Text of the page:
"GET TO THE PHONE AND PASS THE WORD...
JOHN BRANSEN'S HOUSE IS ON FIRE!"
On a summer day in 1926....
...neighbor called neighbor to pass the word..."there's a fire at the Bransen Ranch".
All that heard the call took off to the fire. Men stopped work in the barn,
Women stopped baking in the kitchen, and children stopped playing in the front yard and
ALL abled bodies rushed off to fight the fire.
The house was completely ablaze. The Two Rock Community fought the
fire with determination as
neighbor helped neighbor passing buckets up and down the line
filled with water from the stock troughs and then throwing it on the ripping fire.
Men, Women and Children used wet sacks to flail at the sparks
and to smother the burning grass. All that could be done was to keep
the fire from jumping from the house, to the barn, and to the other out-buildings.
The Two Rock Community fought the fire,
but the fire won that day.
The Bransen home was lost.
The memory of the fire destroying the Bransen home haunted the community for months.
Everybody that fought that fire knew that it could have very easily been their home.
The incident bothered the community so much, that the men in the community got together and began talking about
some kind of fire protection and a communication system that would get help on scene more quickly.
The seeds of the Two Rock Volunteer Fire Department were planted.
The first piece of equipment purchased was a four man hand pump that came from
the ferry's on the San Francisco Bay. In 1927 Jim Fay and Paul Martin with his 9 yr. old son (Claude "Soph" Martin)
took off to San Francisco to pick up the hand pump. Men within the community got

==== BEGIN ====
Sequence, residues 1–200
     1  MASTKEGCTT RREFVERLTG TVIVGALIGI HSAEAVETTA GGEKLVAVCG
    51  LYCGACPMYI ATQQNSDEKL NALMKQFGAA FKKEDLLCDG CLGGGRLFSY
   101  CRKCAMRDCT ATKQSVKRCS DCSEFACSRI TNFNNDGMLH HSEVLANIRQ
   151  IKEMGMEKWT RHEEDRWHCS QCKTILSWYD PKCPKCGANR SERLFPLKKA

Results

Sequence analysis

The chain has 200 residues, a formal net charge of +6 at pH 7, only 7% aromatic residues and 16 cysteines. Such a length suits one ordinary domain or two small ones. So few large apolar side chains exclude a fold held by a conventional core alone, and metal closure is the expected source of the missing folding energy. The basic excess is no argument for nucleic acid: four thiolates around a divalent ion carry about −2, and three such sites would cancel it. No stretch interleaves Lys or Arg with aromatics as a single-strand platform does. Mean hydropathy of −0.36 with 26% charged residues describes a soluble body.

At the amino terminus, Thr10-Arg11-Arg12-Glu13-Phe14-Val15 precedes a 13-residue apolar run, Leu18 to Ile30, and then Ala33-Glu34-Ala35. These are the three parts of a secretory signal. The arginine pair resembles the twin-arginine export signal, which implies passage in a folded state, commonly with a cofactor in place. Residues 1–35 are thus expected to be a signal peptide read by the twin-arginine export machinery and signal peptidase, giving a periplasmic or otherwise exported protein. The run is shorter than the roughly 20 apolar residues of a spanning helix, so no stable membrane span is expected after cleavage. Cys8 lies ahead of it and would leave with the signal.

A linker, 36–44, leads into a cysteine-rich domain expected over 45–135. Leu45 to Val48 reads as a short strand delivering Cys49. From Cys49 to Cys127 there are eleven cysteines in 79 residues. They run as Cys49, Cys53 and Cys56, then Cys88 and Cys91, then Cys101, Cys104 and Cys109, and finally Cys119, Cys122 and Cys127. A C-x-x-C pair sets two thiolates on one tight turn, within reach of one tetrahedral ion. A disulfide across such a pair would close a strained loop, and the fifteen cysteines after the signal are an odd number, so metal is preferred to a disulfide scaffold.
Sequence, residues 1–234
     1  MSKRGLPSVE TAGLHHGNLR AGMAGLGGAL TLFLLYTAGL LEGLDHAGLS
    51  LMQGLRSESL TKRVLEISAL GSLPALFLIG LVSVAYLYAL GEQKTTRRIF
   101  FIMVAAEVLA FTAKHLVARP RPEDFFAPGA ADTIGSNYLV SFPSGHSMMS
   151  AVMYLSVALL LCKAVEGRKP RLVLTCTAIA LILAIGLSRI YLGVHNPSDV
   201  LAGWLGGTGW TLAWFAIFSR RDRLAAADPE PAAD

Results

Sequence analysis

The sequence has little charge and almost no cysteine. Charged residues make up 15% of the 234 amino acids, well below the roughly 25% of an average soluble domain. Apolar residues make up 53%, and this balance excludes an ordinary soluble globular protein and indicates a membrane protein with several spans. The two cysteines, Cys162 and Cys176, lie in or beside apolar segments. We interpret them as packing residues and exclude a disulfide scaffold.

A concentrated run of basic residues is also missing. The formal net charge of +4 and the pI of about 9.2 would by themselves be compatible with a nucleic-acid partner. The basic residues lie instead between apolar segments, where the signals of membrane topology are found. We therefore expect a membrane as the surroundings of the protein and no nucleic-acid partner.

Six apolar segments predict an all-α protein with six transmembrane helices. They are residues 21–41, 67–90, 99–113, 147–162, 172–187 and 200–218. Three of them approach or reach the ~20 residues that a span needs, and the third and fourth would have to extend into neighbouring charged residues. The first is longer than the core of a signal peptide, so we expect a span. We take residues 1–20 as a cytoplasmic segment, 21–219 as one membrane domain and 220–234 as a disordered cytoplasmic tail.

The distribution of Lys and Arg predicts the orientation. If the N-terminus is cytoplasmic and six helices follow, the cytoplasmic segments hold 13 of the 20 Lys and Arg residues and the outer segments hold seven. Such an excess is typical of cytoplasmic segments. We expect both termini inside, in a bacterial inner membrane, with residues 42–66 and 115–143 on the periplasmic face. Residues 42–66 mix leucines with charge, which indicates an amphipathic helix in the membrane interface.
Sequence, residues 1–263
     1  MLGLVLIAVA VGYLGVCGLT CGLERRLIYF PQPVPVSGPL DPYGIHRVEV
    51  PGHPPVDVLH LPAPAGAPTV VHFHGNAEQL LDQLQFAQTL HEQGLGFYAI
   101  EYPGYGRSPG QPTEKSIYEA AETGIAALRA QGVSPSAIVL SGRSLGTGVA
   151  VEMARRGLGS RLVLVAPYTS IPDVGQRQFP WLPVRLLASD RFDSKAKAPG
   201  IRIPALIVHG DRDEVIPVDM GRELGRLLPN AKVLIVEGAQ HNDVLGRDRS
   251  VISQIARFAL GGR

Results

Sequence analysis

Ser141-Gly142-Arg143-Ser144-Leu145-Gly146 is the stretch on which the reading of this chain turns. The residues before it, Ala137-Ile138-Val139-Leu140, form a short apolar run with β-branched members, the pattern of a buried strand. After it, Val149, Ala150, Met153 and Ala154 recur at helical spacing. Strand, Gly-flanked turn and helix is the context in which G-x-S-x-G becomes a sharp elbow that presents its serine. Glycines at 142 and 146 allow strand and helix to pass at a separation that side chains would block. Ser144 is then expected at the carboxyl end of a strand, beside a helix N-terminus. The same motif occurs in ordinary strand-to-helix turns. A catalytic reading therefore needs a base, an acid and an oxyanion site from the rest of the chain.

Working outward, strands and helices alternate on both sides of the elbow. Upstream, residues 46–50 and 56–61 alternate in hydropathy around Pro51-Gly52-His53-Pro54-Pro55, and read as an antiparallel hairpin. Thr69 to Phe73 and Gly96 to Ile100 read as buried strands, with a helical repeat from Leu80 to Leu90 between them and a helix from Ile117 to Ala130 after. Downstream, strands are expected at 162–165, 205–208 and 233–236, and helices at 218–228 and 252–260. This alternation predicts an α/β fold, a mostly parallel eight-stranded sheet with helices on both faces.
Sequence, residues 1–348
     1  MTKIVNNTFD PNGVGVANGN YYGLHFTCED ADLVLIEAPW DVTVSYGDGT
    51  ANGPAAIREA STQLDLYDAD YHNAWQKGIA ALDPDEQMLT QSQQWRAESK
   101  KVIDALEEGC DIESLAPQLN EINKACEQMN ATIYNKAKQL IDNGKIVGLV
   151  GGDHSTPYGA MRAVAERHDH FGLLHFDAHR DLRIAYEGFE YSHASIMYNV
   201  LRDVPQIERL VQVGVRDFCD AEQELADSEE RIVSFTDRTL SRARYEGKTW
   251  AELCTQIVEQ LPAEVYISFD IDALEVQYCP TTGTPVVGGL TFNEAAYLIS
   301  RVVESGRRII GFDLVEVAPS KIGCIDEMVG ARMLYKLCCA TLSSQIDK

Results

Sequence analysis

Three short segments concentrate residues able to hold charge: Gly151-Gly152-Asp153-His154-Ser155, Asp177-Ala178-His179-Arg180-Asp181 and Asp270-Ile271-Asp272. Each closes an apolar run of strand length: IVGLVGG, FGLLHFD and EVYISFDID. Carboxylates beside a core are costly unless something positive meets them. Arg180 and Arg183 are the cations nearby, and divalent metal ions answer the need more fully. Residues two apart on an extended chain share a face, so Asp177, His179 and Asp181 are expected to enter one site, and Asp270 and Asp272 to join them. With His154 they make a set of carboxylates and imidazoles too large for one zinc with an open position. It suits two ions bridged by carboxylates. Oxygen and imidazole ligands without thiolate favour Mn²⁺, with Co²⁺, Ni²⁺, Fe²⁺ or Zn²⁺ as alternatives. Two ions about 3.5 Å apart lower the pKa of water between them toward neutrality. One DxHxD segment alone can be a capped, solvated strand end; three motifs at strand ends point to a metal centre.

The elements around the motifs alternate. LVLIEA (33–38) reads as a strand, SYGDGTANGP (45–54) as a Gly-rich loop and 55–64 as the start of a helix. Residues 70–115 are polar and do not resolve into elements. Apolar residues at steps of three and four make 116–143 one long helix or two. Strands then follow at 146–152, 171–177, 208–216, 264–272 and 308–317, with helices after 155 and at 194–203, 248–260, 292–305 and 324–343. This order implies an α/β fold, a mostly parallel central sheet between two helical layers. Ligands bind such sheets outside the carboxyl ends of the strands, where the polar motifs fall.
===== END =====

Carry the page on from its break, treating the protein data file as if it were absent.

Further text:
together and assembled the pump and customized it to fit on Paul Martin's truck.
The first independent established volunteer fire department in Sonoma County now had its first pumper.
One of the first fire responses for the Volunteers was a day when the Martin Family had gone to the city.
Word got out that there was a fire at Clarence Boysen's Ranch.
Martin Mickelson drove to the Martin Ranch, picked up the "pumper" and went off to the Boysen's.
When he drove in the Boysen's yard he could see a barn on fire and men standing around
waiting to get to work. Mickelson instructed the men how to work the pump and pull lines as they proceeded to
save half of the barn while putting the fire out.
After the Boysen Fire, community involvment increased and donations started rolling in.
Citizens concerned about their community met to formulate the
groundwork to organize and fund the Two Rock Volunteer Fire Department.
The Volunteer Fire Department was well received in the community and it was not long before a Board of
Directors was elected and in 1928 Frank Doss was named the first Fire Chief of Two Rock.
It was not long until Two Rock started purchasing fire fighting equipment. A second
hand Cadillac was purchased and customized into a pickup which carried knapsack pumps.
These knapsack pumps were very effective on grass fires.
A one ton chevrolet truck was also purchased on which a 250 gallon water tank and a hand crank siren was installed.
This truck had a pump mounted in front of the radiator, and could be used
on grass and structural fires.
The community installed a siren on a warehouse roof in the center of town and fire calls came through the
local store's phone.
During the fire season, every Sunday,
volunteers would take turns to "man" the fire
In 1948, Two Rock Fire bought a new International Truck and had it customized into a
Fire Engine with a 400 gallon tank. An auxilliary engine to run the pump was added which pumped at 800 lbs pressure.